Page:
Subic Bay Metropolitan Authority (SBMA) chairman and administrator Wilma Eisma concluded a weeklong business trip to Chicago on Friday not only with potential investment projects for the Subic Bay Freeport, but also with awards in international public service and business.

Eisma, who arrived in Illinois, USA on November 9 for an investment and trade briefing at the Morgan Stanley Building in Chicago, received the Award in International Public Service at the Chicago Filipino Asian American Hall of Fame Awards on November 10.

The award honors high-achieving Filipinos and Filipino-Americans who promote the positive image of the Filipino, not only in the Philippines and the United States but also throughout the world.

The awards project of the Chicago Philippine Reports TV and VIA Times Newsmagazine of Chicago had recognized the likes of former Ambassador Jose Cuisia, environmentalist Gina Lopez, former Ambassador Willy Gaa, and inventor and tech-innovator Dado Banatao.

Eisma is also set to receive citation on November 16 at the 15th annual Stevie Awards in New York, where the American Business Awards organization will recognize accomplishments and contributions of companies and business people worldwide.

The SBMA chief was named finalist for the Stevies in this year’s category for Female Executive of the Year in a government or non-profit organization, while the SBMA was listed as finalist for Organization of the Year award under the government or non-profit organization category.

SBMA port promotions manager Ronnie Yambao, who accompanied Eisma in the investment promotions mission, said that the SBMA group had been busy connecting with business and industry leaders, as well as Filipino community leaders in Chicago, in between the awards rites.

“After a courtesy call with Consul General Gina Jamoralin in Chicago on the first day of the visit, we attended the Investment and Trade Briefing at the Morgan Stanley Building with Commercial Consul Mel Lalunio,” Yambao related.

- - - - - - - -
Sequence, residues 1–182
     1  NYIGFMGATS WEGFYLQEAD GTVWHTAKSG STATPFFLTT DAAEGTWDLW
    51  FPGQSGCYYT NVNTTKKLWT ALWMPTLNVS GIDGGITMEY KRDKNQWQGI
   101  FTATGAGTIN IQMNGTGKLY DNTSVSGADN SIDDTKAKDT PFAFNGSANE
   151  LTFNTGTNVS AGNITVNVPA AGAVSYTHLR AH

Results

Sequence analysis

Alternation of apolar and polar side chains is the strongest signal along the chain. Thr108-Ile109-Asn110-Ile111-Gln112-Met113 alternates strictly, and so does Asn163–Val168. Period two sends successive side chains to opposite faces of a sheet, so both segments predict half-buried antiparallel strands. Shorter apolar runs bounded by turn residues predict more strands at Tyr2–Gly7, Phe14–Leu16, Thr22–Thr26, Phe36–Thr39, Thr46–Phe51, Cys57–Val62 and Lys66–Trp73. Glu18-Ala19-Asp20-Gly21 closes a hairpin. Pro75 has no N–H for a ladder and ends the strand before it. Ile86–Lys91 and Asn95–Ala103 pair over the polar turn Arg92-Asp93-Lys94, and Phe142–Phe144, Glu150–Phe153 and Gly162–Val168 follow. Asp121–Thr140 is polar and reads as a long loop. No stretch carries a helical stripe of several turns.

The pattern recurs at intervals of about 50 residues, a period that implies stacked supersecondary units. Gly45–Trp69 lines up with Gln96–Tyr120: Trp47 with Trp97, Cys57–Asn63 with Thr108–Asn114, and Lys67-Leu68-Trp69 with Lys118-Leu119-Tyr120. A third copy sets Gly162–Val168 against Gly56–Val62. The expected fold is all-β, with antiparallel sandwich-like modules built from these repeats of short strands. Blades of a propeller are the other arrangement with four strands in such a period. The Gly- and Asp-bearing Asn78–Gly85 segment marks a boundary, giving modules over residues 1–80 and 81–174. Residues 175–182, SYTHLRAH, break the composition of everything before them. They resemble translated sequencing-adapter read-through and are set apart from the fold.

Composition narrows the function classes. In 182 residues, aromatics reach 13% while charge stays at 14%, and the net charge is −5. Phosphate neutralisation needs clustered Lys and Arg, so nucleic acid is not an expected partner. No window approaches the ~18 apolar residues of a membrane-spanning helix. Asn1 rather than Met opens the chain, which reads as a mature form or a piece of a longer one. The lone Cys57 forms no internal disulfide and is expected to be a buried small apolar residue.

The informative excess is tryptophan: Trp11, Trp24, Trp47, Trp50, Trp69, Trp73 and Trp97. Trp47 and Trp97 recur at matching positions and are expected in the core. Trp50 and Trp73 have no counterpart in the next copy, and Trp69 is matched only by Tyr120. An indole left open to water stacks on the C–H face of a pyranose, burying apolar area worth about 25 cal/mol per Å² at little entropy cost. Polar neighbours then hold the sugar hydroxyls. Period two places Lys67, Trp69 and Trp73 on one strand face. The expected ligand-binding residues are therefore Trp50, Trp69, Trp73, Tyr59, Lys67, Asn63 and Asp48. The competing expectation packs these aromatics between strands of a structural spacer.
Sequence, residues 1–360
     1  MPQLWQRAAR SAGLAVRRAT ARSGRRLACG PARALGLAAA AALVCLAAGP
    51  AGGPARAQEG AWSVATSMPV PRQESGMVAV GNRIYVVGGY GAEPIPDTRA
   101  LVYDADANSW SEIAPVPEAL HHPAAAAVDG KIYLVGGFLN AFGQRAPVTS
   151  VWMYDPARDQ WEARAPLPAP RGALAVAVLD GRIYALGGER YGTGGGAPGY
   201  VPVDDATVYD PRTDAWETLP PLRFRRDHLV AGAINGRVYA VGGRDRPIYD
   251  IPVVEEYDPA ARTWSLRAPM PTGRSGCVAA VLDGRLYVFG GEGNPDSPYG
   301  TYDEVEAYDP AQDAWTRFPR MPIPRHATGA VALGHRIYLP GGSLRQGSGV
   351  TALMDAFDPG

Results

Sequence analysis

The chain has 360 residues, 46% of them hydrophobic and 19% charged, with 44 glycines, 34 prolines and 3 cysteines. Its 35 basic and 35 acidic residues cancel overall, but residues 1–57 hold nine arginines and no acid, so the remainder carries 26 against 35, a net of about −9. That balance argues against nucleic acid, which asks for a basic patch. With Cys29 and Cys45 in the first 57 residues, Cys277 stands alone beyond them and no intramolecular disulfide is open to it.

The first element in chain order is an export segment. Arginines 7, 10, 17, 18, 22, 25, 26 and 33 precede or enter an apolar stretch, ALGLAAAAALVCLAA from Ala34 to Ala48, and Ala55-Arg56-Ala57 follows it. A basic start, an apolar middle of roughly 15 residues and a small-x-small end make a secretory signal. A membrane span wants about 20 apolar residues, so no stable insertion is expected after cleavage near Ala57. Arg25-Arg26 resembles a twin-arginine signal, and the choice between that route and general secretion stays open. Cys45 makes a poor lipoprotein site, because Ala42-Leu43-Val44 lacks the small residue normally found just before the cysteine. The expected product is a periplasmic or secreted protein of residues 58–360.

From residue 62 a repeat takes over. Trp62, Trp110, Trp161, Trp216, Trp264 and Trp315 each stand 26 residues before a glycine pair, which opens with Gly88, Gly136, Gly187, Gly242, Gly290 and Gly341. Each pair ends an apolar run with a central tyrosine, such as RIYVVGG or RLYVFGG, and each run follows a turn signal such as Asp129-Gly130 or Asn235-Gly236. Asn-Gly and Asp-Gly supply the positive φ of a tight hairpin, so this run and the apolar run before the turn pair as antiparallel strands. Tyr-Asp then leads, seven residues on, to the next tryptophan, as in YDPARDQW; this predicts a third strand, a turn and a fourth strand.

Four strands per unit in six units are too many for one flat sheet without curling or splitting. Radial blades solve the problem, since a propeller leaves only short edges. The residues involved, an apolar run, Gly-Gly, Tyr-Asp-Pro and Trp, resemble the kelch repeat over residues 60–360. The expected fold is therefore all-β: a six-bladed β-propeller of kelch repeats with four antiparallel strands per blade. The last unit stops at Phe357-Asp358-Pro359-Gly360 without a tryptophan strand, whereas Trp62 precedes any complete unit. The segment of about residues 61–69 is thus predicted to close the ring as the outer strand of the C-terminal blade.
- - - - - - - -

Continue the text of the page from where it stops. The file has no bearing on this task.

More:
“In that briefing, Chairman Eisma talked to about 30 businessmen and venture capitalists for possible investments in renewable energy, manufacturing, logistics and supply chain, tourism, petroleum refining, construction solution and hydro power,” he added.

Among those that inquired about Subic were executives of Great Seas Holdings of Yorkville, Illinois; Dennis Wilmsmeyer, director of America’s Central Port, the center of the multi-modal freight transportation system in the United States; George Modrovic, CEO of Elfi LLC, a metal construction products manufacturer; and two US Marines veterans who will visit Subic with their group in February next year for a week of nostalgic tourism program.

Eisma said that a lot of American companies based in China are now looking into the distinct advantages of relocating in the Philippines. “With this, we want to take advantage of the situation to promote Subic as a competitive investment destination in the ASEAN region,” the SBMA chief said upon leaving Subic last week.

She added that because of the developing trade war between the United States and China, the Philippines is again becoming a favorite investment destination, not only because of its competitiveness but also with the advantages of the General System of Preferences and other free trade agreements.

“Now as the tide is turning, we have to seize the moment and make Subic stronger,” she said. (Ric Sapnu)